AUGUSTA, Maine (NEWS CENTER) – Maine is averaging more than one drug overdose a day, according to the Maine Attorney General’s office.
A news release sent out Wednesday states through the first six months of 2017 the Office of the Chief Medical Examiner recorded 185 deaths attributable to drug overdoses. They say the deaths are keeping pace with last year's totals.
The release says the number of deaths represents a slight decrease from the 193 overdose deaths in the first half of 2016, which represented a 50 percent increase over the year before. However, the presence of fentanyl and fentanyl analogs continues to grow.
The A.G.’s office says Fentanyl is an illicitly manufactured drug that is many times more lethal than morphine; it caused 61 percent of the deaths between January and June 2017. Fentanyl is often mixed with heroin or presented to the user as heroin.
Pharmaceutical opioids caused 30 percent of the deaths, a slight decrease from last year but still a disturbing factor in these overdose deaths. Prescription opioids and illicit opioids are often found together in a fatal cocktail of drugs.
The report also says, in a little over a third of opioid deaths the victims received Naloxone: 34 percent of all drug deaths and 38 percent of opioid deaths.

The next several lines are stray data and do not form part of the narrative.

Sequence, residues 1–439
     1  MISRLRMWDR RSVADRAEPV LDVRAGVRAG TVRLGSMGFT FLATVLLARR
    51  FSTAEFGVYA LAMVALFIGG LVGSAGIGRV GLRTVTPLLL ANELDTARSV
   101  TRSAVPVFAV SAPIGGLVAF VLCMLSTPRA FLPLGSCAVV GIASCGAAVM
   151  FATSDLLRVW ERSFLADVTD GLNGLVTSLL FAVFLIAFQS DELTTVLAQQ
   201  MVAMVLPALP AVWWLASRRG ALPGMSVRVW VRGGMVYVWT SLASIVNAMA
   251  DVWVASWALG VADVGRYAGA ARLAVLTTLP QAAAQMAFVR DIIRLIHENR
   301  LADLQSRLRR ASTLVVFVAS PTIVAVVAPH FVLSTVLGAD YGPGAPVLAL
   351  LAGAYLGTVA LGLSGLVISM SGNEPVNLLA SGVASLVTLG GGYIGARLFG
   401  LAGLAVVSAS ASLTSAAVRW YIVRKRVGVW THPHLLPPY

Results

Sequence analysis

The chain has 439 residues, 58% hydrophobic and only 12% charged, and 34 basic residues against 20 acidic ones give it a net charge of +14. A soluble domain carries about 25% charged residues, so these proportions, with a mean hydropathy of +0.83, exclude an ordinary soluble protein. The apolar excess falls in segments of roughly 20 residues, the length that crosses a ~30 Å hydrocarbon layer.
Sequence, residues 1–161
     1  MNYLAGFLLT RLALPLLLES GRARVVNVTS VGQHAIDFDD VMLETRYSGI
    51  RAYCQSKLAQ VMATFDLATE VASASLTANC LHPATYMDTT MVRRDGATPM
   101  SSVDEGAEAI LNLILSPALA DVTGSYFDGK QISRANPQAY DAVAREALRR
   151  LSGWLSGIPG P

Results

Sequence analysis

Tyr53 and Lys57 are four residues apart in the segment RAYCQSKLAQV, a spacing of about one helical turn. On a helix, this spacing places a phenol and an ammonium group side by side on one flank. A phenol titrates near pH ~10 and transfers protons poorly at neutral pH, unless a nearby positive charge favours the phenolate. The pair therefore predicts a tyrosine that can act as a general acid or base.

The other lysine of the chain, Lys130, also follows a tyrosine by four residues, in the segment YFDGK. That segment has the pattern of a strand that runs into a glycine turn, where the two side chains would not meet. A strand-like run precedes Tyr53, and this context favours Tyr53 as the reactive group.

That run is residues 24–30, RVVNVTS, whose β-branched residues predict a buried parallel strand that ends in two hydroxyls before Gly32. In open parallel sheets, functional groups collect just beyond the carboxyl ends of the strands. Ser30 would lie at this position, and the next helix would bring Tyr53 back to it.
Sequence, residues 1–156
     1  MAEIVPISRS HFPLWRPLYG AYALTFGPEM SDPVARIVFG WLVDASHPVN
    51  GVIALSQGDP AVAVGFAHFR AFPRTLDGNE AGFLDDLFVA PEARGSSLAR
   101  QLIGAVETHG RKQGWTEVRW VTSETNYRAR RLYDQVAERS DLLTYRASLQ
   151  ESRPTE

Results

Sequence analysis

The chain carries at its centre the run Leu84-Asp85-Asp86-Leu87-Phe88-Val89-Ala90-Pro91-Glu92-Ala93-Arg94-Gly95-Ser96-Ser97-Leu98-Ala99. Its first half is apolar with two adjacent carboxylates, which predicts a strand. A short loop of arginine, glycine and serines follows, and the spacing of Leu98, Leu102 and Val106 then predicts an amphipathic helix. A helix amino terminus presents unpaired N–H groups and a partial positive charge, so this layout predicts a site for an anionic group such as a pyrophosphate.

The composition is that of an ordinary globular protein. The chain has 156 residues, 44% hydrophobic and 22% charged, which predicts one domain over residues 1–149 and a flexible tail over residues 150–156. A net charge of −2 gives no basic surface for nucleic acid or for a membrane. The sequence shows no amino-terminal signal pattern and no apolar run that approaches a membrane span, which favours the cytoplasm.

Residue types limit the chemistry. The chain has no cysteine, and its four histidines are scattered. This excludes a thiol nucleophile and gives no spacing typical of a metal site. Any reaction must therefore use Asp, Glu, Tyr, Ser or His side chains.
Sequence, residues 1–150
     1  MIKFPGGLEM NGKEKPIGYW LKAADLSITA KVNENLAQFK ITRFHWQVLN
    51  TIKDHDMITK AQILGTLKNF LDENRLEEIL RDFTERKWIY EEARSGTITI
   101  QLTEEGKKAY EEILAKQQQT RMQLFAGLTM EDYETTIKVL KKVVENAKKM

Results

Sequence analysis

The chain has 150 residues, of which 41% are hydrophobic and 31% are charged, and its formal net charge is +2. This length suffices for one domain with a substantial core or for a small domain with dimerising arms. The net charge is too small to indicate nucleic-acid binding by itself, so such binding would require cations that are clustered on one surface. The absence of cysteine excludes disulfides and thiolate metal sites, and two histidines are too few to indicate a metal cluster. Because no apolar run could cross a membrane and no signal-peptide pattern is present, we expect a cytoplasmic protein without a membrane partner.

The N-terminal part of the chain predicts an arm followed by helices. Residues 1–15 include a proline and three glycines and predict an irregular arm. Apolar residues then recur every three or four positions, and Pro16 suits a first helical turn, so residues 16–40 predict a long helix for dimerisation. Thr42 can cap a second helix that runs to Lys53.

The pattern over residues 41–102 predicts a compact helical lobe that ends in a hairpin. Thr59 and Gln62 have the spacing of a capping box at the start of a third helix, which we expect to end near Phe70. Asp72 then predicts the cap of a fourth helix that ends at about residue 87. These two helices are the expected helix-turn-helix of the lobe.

In 2016, only 25 percent of all drug deaths received Naloxone.
The inability to give Naloxone quickly is the most common reason why it is sometimes ineffective, but these numbers suggest that more and more first responders and families have access to it and are administering it when needed.
Attorney General Janet Mills has distributed Naloxone to nearly 60 law enforcement agencies across the state, starting in June of 2016. Over 2,300 doses have been distributed, with 241 successful applications.
“The opioid epidemic continues to devastate our communities, both rural and urban, all across Maine,” Attorney General Janet T. Mills noted. “As public officials, first responders, and community leaders we must direct resources to real solutions. We must continue to work together to attack this problem, particularly with treatment, prevention and education. It is the greatest challenge of our time.”
“Using any of these drugs, alone or in combination, is playing with fire,” Mills observed.
She called for prescribers to further limit their opiate prescribing practices and for more physicians to become Suboxone prescribers.
“The need is great,” Mills stated, “the need is now.”
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